In 2019, the Ministry of Education, Singapore (MOE) announced that the Primary School Leaving Examinations (PSLE) would be graded under a new PSLE scoring system w.e.f. 2021 (MOE press release dated 25 July 2019). As with any changes, parents are naturally anxious with changes made to a national exam so here’s an explainer.
Each PSLE subject will be scored using 8 Achievement Levels (ALs), with AL 1 being the best. This is similar in concept to what we have for the General Certificate of Education Ordinary Level (GCE O-Level) exams. A student’s AL for each subject is supposed to reflect their own level of achievement, rather than how he has performed relative to their peers.
Their PSLE Score is the sum of ALs across the four subjects, ranging from 4 (best) to 32.
To help the first batch of students and parents familiarise themselves further with the new PSLE scoring system, MOE has shared more information on indicative Achievement Level (AL) Cut-Off Point (COP) ranges to help parents decide between different school types (MOE press release dated 6 Nov 2020). These ranges were generated based on students’ PSLE results and choice patterns in the 2019 S1 Posting Exercise.
A list of the different secondary schools under each category type can be found here.
Due to these changes, it is likely that more students will have the same PSLE score, and schools will be less differentiated w.r.t. cut-off points. While academic merit (PSLE Score) continues to be the first criterion for school postings under the new posting system, do note that “order of school choice” is being introduced as a new criterion i.e. S1 Posting tie-Breakers (in order of priority) are now:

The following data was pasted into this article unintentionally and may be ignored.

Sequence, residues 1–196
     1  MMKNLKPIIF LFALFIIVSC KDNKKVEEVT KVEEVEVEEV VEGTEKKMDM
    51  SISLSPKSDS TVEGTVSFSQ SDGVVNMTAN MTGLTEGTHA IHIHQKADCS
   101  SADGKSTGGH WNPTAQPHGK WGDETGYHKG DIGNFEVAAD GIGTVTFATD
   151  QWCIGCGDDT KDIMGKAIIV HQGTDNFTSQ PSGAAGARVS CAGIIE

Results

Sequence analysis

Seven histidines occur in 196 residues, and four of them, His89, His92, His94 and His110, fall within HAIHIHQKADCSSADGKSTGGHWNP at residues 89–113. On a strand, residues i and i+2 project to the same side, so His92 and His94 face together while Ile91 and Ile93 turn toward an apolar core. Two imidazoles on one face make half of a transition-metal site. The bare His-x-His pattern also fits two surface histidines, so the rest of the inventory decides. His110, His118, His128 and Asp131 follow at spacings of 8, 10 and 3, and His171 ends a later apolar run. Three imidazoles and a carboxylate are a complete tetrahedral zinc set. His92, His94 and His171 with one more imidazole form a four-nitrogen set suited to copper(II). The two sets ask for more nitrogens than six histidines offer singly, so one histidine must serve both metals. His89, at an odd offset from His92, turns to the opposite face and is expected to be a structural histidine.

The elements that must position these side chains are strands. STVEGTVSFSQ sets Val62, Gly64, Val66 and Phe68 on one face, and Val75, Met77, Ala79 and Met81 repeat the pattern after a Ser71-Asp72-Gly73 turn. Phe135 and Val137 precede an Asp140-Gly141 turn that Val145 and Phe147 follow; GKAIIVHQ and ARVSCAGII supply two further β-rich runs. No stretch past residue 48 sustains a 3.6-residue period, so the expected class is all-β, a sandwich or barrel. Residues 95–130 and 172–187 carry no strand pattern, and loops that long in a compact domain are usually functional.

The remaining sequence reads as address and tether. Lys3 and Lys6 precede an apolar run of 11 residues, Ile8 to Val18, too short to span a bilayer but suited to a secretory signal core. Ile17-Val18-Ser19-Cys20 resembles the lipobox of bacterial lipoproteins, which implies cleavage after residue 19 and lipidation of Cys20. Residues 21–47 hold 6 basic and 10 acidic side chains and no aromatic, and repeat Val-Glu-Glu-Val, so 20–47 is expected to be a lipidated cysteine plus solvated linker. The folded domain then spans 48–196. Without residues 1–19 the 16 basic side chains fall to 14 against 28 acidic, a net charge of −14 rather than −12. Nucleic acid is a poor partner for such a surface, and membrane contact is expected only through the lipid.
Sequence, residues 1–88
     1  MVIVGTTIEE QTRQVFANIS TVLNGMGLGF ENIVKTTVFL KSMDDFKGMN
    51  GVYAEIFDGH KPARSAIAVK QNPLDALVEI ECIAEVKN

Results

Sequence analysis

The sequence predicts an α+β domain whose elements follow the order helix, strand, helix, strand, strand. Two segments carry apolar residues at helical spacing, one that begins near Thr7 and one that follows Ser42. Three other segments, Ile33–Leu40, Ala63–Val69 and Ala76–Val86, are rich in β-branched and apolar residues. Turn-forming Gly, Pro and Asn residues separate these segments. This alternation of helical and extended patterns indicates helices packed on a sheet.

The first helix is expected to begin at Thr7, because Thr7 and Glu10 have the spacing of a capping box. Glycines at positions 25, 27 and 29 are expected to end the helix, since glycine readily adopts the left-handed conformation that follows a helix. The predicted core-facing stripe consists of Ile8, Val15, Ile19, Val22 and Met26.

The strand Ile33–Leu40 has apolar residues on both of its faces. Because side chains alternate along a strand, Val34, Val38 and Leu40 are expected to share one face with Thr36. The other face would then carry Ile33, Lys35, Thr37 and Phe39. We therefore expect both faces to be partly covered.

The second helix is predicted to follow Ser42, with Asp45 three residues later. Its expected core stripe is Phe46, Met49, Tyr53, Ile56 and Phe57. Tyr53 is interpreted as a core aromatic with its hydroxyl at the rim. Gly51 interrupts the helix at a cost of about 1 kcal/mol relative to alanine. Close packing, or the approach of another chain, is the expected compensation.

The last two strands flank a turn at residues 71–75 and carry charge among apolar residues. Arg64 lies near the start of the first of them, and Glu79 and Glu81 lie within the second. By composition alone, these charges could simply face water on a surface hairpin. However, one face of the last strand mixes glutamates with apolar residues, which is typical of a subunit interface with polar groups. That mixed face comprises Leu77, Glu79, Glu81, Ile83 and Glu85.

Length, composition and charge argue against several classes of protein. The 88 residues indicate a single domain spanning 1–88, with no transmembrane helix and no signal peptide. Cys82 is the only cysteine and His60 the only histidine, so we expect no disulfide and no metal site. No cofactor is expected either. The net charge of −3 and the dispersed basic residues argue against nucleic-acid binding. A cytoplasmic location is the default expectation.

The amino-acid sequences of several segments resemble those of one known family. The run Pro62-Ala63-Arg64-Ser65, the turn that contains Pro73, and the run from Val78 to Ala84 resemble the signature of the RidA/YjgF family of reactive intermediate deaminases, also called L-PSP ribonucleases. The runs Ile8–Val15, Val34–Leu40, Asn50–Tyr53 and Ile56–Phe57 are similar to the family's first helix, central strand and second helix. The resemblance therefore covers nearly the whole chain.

- Citizenship (priority given to Singapore Citizens, followed by Permanent Residents and International students)
- Choice order of schools [NEW]
- Computerised balloting
For more information, please refer to the relevant information on MOE’s website.
Here’s something useful from MOE to read on what parents can do to engage with, guide and talk to their children on education and careers.
We often advise parents to talk to and observe their child at home as well so as to be able to understand what they may be good at, what and where their interests lie, and how they spend their time. By doing so, parents are better equipped to think about and identify secondary schools that are better able to meet the educational needs of your child.
Having said that, we have often observed that parents sometimes have an inaccurate perception of the strengths, interests and learning needs of their child. Communication with them can also be challenging at times. Other than helping your child with their academic studies, we are often asked by parents about what their child’s learning style is. Given enough time to observe and interact with a student, we are happy to share our observations of a student’s likely learning style with their parents.
If necessary, do let us know and feel free to make an appointment to speak with us.
— the Elucidation team